Google Wallet has officially launched in South Africa, almost a year and a half after Apple Pay entered the market. Android users can now download the Wallet app from the Google Play Store and use it to save and access cards like payment, loyalty and boarding passes. Other options will be available in future, which I assume would be vaccine etc.

Once you download the Wallet app, you need to choose which Gmail account you want to be signed in with. I have multiple, but the one I chose already pre-populated a bunch of travel loyalty cards onto it without me doing anything. These included Delta Air, Hilton Honours, Hyatt and JetBlue. You will then be prompted to add a card with the plus symbol.

Google says users will then be prompted to review and accept the Issuer terms and conditions before use, and once accepted and verified, cards will be tokenised and ready for use in Google Wallet.

It took less than a minute to enrol a couple of bank cards onto the app. Google Wallet currently supports the following banks: FirstRand Bank, Discovery Bank, Investec, Standard Bank, ABSA and Nedbank. It can be loaded onto an Android handset or Wear OS wearable, and can be used where contactless payments are accepted, which in SA, is almost everywhere, and of course, if you see the Google Pay symbol.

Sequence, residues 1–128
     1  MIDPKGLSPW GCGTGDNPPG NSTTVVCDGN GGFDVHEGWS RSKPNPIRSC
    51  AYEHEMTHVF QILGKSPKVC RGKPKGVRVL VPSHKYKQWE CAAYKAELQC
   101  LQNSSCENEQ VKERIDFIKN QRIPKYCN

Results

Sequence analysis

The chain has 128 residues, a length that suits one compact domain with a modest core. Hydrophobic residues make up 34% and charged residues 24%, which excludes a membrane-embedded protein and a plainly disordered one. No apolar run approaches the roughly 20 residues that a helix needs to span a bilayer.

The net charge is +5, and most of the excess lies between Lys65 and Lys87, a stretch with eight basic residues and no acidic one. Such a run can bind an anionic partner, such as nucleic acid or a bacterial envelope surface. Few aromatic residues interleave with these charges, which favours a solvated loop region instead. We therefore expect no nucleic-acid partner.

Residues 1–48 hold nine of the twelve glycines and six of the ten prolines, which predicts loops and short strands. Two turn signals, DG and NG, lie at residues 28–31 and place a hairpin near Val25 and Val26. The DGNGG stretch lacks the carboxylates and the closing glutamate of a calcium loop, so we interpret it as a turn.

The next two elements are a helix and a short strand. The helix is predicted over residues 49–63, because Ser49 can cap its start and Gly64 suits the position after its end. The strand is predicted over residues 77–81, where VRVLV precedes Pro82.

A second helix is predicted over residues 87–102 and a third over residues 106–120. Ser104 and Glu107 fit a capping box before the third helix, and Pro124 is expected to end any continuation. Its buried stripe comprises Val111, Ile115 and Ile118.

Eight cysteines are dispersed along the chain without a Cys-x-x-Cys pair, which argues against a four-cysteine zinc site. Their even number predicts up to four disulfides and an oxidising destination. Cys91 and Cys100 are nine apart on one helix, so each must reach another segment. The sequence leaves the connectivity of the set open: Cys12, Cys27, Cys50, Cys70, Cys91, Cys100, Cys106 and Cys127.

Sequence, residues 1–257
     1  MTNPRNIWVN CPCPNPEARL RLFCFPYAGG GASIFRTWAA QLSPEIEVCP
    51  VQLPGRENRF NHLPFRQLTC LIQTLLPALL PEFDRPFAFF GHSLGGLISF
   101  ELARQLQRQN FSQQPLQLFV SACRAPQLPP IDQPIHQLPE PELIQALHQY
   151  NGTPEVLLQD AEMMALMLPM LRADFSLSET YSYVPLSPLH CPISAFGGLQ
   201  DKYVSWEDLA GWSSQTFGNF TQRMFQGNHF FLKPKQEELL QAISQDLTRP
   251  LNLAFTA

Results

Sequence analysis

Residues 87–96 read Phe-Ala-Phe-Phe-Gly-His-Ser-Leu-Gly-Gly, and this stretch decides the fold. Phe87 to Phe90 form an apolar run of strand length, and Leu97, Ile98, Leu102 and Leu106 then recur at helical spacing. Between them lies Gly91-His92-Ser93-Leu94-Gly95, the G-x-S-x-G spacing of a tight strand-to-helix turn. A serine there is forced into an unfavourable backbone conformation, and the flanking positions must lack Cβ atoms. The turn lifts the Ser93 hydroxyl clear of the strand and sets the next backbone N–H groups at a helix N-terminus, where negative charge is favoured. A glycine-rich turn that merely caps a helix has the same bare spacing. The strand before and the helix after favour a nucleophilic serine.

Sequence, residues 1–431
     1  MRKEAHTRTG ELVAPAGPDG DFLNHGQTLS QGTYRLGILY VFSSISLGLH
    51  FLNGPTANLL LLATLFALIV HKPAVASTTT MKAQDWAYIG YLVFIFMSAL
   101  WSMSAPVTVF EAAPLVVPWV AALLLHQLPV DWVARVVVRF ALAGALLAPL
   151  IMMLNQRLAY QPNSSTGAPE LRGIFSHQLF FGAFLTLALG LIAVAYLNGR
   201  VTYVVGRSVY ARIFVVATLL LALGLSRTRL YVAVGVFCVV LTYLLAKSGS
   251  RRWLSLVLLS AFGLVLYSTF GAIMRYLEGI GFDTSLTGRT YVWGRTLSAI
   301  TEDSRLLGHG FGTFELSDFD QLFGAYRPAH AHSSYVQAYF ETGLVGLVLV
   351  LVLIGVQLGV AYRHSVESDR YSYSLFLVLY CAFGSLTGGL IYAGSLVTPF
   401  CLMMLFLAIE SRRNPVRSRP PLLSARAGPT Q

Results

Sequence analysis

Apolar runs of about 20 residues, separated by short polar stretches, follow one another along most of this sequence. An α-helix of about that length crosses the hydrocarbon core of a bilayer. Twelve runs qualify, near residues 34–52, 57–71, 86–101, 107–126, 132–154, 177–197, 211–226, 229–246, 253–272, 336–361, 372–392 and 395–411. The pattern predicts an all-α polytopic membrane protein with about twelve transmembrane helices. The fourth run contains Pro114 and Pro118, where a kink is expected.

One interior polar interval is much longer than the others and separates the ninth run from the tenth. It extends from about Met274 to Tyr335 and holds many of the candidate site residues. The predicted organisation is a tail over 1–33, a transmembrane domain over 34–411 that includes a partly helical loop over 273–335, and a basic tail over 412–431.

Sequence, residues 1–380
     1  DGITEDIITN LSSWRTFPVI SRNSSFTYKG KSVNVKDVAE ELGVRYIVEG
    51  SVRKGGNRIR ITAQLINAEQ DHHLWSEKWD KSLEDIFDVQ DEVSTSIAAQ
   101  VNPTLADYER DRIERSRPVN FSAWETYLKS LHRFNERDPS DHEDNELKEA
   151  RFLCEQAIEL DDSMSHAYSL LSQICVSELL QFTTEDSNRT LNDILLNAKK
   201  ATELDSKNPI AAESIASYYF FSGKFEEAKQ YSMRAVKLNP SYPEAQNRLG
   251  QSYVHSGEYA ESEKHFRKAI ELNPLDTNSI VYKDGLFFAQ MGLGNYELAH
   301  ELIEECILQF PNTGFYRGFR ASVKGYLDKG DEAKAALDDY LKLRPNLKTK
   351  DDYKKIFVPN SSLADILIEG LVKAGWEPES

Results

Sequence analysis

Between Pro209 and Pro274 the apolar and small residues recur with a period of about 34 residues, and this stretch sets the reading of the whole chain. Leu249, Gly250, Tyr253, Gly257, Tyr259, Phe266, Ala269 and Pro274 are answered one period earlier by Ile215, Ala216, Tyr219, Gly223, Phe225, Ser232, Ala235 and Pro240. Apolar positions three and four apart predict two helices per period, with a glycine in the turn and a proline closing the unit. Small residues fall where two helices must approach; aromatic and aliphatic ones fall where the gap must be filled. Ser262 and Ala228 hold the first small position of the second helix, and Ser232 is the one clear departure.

Google SA Country Director, Alistair Mokoena says security and privacy are built into every part of Google Wallet, making payments safer and allowing people to transact seamlessly and with confidence throughout the day. “This will allow users to make transactions using a virtual card number (a token).”

I set it up on a Samsung device and now the phone keeps prompting me to switch back to Samsung Pay as default, which doesn’t work as a shortcut now on the cover. Android problems.

If you have an Android handset, download the Wallet app immediately to pay in a more secure way.